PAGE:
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Coal industry seeks exports to Asia while U.S. market falters

America’s No. 2 coal-producer, Arch Coal Inc., announced last week that it paid $25 million to acquire 38 percent interest in Millennium Bulk Terminals-Longview, LLC, one of dozens of companies scrambling to boost coal export capacity from the West Coast to customers in Asia.With the Millennium Bulk deal, Arch joins Peabody Energy Corp. — both major producers of Powder River Basin coal in Wyoming — in banking on the Asian coal market for growth. Wyoming coal producers Peabody Energy, Arch Coal, Cloud Peak Energy and railroads Union Pacific and BNSF Railway have all expressed interest in boosting coal exports from the West Coast.

Niobrara oil drilling saps county road budgets

Local officials know their rural roads were never meant to handle this kind of industrial traffic. “We’ve seen some of the roads disintegrate. These roads were designed for pickups and horse trailers, not the 100,000-pound loads we’re seeing,” said State Rep. Matt Teeters, R-Veteran. Laramie County Road and Bridge Supervisor Don Beard said bad weather conditions worsen the damage caused by heavy trucks. “They don’t care if the road is frozen, if it’s raining, or snowing, too hot, too dry, too windy, or too cold. They’ll operate on those roads and that’s where the damage begins to occur,” Beard said.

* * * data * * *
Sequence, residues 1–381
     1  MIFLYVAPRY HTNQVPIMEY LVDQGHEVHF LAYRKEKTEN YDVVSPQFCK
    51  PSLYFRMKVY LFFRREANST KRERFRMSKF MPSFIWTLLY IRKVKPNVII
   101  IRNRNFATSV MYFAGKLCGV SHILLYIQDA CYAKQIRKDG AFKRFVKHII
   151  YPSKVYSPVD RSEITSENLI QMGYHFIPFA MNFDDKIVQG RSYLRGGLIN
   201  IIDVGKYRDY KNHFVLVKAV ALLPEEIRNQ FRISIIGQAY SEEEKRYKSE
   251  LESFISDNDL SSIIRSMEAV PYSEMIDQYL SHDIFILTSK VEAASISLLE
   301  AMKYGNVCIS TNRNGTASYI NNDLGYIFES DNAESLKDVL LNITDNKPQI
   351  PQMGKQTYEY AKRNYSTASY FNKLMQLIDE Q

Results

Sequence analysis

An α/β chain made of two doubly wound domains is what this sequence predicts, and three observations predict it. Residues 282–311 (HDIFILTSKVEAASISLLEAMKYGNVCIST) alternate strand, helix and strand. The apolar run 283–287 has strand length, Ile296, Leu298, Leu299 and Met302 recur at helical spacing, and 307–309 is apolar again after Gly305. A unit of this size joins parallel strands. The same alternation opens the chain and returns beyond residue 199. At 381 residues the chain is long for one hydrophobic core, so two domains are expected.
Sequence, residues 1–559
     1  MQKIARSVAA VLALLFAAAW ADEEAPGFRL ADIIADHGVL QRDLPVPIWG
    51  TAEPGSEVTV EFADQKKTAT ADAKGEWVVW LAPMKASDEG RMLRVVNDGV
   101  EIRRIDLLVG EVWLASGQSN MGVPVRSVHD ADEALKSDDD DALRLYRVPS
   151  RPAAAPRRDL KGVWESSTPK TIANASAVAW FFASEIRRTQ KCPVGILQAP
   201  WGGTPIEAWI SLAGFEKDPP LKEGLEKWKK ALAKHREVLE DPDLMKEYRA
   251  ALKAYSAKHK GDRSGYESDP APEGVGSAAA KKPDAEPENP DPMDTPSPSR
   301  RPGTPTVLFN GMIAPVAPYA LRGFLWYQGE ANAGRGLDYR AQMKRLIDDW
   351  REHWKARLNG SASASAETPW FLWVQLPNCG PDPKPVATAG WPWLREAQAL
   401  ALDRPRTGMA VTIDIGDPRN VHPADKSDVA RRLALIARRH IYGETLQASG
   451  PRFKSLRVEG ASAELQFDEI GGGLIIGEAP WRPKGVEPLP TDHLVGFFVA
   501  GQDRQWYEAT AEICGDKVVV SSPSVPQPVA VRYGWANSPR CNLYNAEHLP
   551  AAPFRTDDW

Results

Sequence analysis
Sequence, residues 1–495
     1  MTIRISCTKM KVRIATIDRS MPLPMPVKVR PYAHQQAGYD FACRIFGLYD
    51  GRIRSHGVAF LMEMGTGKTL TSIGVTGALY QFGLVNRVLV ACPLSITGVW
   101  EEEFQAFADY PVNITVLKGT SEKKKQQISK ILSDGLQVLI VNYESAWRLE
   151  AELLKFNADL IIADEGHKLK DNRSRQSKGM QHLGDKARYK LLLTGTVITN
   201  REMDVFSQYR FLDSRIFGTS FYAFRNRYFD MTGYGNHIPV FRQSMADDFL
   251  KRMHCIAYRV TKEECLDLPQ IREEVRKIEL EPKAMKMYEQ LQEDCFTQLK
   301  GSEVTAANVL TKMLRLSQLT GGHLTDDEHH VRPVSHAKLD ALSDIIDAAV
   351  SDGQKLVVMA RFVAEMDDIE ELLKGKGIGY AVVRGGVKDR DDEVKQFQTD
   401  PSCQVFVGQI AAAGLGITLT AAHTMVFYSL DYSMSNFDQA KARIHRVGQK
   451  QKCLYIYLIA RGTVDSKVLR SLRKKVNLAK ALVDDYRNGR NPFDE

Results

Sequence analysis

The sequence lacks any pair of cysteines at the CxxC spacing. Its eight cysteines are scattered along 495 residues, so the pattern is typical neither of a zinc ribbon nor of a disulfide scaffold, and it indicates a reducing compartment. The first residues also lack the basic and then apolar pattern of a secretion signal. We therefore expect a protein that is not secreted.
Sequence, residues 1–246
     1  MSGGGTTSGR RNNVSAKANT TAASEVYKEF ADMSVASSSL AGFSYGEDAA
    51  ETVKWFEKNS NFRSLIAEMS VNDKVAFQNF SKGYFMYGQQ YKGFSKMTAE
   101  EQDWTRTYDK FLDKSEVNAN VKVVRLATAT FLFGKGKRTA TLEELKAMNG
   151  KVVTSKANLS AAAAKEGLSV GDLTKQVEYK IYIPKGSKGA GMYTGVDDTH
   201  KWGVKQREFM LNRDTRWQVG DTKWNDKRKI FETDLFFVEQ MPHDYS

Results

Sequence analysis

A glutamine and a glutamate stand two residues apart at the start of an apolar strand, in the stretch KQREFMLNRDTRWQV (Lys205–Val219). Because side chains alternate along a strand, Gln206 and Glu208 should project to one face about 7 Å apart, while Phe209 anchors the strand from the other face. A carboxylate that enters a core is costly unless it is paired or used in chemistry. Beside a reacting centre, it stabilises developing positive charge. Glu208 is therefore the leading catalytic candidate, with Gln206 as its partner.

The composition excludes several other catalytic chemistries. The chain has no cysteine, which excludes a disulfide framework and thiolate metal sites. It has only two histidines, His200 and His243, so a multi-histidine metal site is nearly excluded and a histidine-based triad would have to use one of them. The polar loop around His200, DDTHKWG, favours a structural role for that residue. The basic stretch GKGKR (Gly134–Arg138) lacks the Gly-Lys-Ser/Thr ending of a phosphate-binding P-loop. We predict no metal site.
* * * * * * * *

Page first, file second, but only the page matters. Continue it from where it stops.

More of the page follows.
Group with ready-made legislation spurs calls for more disclosure

Though members of Wyoming's citizen Legislature pride themselves on being closely connected to their constituents, voters might be surprised to learn that some laws proposed and passed in Cheyenne are first shaped by state lawmakers and major corporations during privately funded junkets in Washington, D.C. and elsewhere. As the 2011 legislative session convenes this week, some watchdog groups — and at least one legislator — are calling for better disclosure from lobbyists and greater transparency from groups that seek to influence or propose specific laws.

High court takes up interstate river battle

The Supreme Court this week wades into a dispute between Montana and Wyoming over water rights to two rivers that flow through both states. Montana claims Wyoming farmers and industries are using too much water in a region where it remains a scarce resource. At issue are the waters of the Powder and Tongue rivers, both tributaries of the Yellowstone River, which run into Montana from Wyoming.

Back on Track: Wyoming coal rebounds amid market, regulatory uncertainty

Wyoming coal producers fared well during a tumultuous year for the industry nationwide, increasing output by an estimated 2.6 percent in 2010. It’s a modest recovery in production, after slipping 7.8 percent in 2009. Wyoming’s year-to-date coal production as of December 25 was 434 million tons, and the industry was on track to finish the year at 442.5 million tons, according to U.S. Energy Information Administration data.

BLM's Conservation Experiment